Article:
Dentistry Section DOI : 10.7860/JCDR/2019/41751.13088
Year : 2019 | Month : Aug | Volume : 13 | Issue : 08 Page : ZE06 - ZE09

Implant Abutment Screw Loosening: A Review of Effective Factors

Mohammad Ali Seddigh1, Azam Sadat Mostafavi2

1 Department of Prosthodontics, Tehran University of Medical Sciences, Tehran, Iran.
2 Department of Prosthodontics, Tehran University of Medical Sciences, Tehran, Iran.


NAME, ADDRESS, E-MAIL ID OF THE CORRESPONDING AUTHOR: Dr. Azam Sadat Mostafavi, End of North Kargar Street, Adjacent to the Atomic Energy Organization, High School of Dentistry, Tehran University of Medical Sciences, Tehran, Iran.
E-mail: as-mostafavi@sina.tums.ac.ir
Abstract

One of the prevalent complications of dental implants is screw loosening. It has been revealed that screw loosening is a matter of concern for both manufacturers and dental professionals, and this complication imposes more time and money to clinician and patient. The clinical long-term success of implant restorations depends, in part, on the actions to minimise the parameters causing screw loosening. This review article aims to throw light on explaining these effective factors and parameters that determine screw stability. Literature based-search was performed to find related articles till December 2018 using EMBASE, Google Scholar and MEDLINE. Search terms used were Implant-abutment (I/A) connection/interface, screw-joint stability, lubricants (such as chlorhexidine (CHX), blood and saliva), mechanical and biological factors (such as contamination, micro-gap formation, settling effect, metal fatigue and abutment screw coating and loosening) in implant functional failure. Results were limited to papers available in English. The references of all related literature were also searched for further citations. A large number of factors including lubricants and mechanical factors have been proposed to have the potential of increasing screw loosening. In-vitro and in-vivo studies concerning the detailed role of biomechanical agents in incidence of screw loosening may be interesting area to improve the existing knowledge in this field. This paper presents the comprehensive insight into effective factors in incidence of screw loosening.

Introduction

Over the decades, wide experience in implant knowledge has led to a growing success in implant dentistry rates up to ninety percent [1]. However, complications including biomechanical damage are still published in the literature [2]. It has been observed that screw loosening is a matter of concern for both manufacturers and dental professionals, and it is defined in the literature as one of the most frequent complications associated with dental implants and main causes of failure of implant-supported prosthesis, imposing more time and money to clinician and patient [3].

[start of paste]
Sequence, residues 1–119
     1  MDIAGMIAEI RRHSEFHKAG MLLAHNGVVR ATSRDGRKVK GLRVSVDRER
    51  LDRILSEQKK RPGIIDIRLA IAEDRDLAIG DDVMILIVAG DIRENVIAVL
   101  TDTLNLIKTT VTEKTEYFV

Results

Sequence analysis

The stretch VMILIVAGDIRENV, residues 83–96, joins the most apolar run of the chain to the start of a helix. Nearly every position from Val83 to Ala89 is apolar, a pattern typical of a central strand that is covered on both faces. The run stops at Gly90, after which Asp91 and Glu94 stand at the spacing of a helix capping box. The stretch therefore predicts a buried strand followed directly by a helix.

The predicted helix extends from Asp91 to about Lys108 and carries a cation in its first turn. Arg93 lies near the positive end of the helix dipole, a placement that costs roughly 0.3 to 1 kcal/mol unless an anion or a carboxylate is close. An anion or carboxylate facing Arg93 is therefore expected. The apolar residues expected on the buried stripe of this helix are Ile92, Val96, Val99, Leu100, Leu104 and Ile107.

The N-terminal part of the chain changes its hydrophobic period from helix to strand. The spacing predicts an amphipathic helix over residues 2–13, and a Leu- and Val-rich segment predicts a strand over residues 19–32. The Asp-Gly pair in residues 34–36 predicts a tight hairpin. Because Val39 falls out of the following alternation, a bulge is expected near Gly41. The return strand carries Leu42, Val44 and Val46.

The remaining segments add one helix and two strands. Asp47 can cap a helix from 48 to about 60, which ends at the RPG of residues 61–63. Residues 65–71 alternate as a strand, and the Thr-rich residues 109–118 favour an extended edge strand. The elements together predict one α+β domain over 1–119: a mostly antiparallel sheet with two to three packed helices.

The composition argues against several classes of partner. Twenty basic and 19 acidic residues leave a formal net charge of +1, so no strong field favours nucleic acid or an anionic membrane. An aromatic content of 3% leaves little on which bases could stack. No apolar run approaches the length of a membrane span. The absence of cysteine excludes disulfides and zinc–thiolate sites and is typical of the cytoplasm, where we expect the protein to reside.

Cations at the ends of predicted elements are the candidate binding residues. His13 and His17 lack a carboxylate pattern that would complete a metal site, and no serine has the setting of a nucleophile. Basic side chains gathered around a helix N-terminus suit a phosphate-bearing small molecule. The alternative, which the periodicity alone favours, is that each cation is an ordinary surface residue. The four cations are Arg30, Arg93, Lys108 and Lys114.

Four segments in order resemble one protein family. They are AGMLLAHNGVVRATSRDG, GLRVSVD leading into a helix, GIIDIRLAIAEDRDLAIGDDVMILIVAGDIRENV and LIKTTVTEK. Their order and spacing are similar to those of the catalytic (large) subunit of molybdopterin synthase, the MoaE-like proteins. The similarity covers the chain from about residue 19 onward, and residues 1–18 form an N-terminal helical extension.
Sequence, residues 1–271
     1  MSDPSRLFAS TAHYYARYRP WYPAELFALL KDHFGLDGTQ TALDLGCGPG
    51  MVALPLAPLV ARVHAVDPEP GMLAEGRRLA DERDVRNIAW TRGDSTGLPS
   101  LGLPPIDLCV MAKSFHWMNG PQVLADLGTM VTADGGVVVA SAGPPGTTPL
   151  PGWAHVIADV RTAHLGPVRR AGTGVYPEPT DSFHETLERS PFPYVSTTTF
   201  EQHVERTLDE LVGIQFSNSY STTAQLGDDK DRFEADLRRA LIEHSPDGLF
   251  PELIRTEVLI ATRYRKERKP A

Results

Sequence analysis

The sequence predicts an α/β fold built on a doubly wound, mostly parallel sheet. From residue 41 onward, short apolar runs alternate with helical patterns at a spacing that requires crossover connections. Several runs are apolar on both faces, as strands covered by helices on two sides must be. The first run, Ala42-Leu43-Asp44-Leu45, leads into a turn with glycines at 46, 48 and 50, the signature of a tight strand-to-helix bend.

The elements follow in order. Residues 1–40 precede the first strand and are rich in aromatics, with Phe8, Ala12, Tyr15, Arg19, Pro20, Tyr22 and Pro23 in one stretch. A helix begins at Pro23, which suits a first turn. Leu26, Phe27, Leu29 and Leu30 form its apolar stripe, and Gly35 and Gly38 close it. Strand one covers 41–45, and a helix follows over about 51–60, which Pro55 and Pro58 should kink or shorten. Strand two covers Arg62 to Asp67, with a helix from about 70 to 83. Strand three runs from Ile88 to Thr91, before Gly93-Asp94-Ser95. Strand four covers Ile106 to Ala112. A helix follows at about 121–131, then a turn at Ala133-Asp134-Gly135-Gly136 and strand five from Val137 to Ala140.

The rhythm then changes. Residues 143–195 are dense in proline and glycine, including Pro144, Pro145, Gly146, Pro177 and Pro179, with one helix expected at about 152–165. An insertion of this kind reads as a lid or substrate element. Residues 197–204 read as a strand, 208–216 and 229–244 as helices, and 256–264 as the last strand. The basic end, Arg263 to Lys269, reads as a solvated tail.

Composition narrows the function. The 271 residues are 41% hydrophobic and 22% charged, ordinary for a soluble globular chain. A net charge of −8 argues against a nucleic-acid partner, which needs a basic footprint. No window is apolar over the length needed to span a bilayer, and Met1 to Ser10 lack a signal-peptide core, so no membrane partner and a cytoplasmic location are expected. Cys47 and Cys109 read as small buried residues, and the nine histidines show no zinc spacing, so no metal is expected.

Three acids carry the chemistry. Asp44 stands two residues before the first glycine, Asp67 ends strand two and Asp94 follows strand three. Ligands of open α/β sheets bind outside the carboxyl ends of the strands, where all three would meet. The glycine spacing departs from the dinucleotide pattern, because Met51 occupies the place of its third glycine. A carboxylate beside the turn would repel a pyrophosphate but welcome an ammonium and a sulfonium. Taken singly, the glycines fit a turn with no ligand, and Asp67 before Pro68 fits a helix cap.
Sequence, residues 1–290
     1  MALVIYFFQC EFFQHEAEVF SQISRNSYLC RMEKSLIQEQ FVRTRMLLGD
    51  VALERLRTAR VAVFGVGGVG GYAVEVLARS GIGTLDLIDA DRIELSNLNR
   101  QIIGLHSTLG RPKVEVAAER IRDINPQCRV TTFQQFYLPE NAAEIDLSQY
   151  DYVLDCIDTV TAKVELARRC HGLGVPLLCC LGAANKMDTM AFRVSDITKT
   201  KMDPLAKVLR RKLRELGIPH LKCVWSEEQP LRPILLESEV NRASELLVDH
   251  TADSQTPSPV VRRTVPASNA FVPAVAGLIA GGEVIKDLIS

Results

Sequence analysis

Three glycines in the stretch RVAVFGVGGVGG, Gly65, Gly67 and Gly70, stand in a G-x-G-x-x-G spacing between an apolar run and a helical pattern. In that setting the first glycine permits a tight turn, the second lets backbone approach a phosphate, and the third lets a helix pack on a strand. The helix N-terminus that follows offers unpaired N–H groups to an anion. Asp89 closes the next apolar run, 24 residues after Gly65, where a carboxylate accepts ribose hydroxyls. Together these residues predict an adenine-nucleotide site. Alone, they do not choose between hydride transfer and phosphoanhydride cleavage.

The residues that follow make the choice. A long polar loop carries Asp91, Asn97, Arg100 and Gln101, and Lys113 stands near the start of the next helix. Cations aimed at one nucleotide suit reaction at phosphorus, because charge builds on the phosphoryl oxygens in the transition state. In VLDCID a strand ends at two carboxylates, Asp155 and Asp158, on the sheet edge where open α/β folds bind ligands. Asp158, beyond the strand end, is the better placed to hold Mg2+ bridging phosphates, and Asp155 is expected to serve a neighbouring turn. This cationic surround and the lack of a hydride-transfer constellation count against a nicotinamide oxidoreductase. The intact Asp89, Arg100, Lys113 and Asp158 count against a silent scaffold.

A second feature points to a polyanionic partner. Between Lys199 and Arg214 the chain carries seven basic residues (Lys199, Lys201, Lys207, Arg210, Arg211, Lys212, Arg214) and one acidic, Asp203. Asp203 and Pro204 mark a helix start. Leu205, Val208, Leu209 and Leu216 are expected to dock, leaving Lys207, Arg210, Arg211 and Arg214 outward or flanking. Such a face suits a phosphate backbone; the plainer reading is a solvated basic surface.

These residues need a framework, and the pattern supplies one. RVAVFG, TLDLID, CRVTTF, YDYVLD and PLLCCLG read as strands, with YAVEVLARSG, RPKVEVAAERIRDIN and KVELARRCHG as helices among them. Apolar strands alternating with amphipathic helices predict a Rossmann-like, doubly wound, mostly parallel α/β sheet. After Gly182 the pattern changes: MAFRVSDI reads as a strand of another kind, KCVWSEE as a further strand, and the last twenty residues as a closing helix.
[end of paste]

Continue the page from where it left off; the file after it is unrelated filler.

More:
The reported rates of screw loosening may vary in various studies. Gunne J et al., reported that over a 3-year follow-up of patients, loosening of gold prosthetic screws was the most common mechanical failure, along with fracture of occlusal material [4]. In a similar study performed on patients with implant-retained prostheses for at least 5 years of follow up, 40% of gold slotted screws failed at the recall appointment [5]. In addition, a systematic review of the literature reported that incidence of screw loosening to be 12.7% over 5 years [6]. Ricciardi Coppedê A et al., also reported that 5.4% of abutment screws became unstable over the first year of function [7]. This difference may be due to different etiologic factors including mechanical or biological cause, implant components design and material.

Considering financial burden of screw loosening on the healthcare systems and patients, this review aims at explaining the effective factors which induces screw loosening. Literature based-search was performed to find related articles until December 2018 using EMBASE, Google Scholar and MEDLINE. Search terms used were I/A connection/interface, screw-joint stability, lubricants (such as chlorhexidine (CHX), blood and saliva), mechanical and biological factors (such as contamination, micro-gap formation, settling effect, metal fatigue and abutment screw coating and loosening) in implant functional failure. Results were limited to papers available in English. The references of all related literature were also searched for further citations. Subjects, abstracts, and the full text paper of the records retrieved from the databases were assessed for probable inclusion.

Lubricants

Implant-abutment (I/A) complex is an assembly gathered together by a screw. When an abutment is connected to the implant by tightening the screw, clamping forces are generated. The tension produced in the abutment screw upon tightening parallel to the implant axis, plus the tensile force along all the threads in contact, is called “preload” [8]. Silva-Neto JP et al., declared that preload is mainly important in preventing screw loosening [9]. Hence, if preload reduces during the clinical function, it may result in joint instability and screw loosening [10]. In considering this subject, reports have shown that dry implant cavity probably reduces preload during closing the abutment screw and consequently increases the risk of abutment screw loosening [11]. Nevertheless, few investigations have considered the important role of lubrication on amount of detorque and screw loosening [10,12].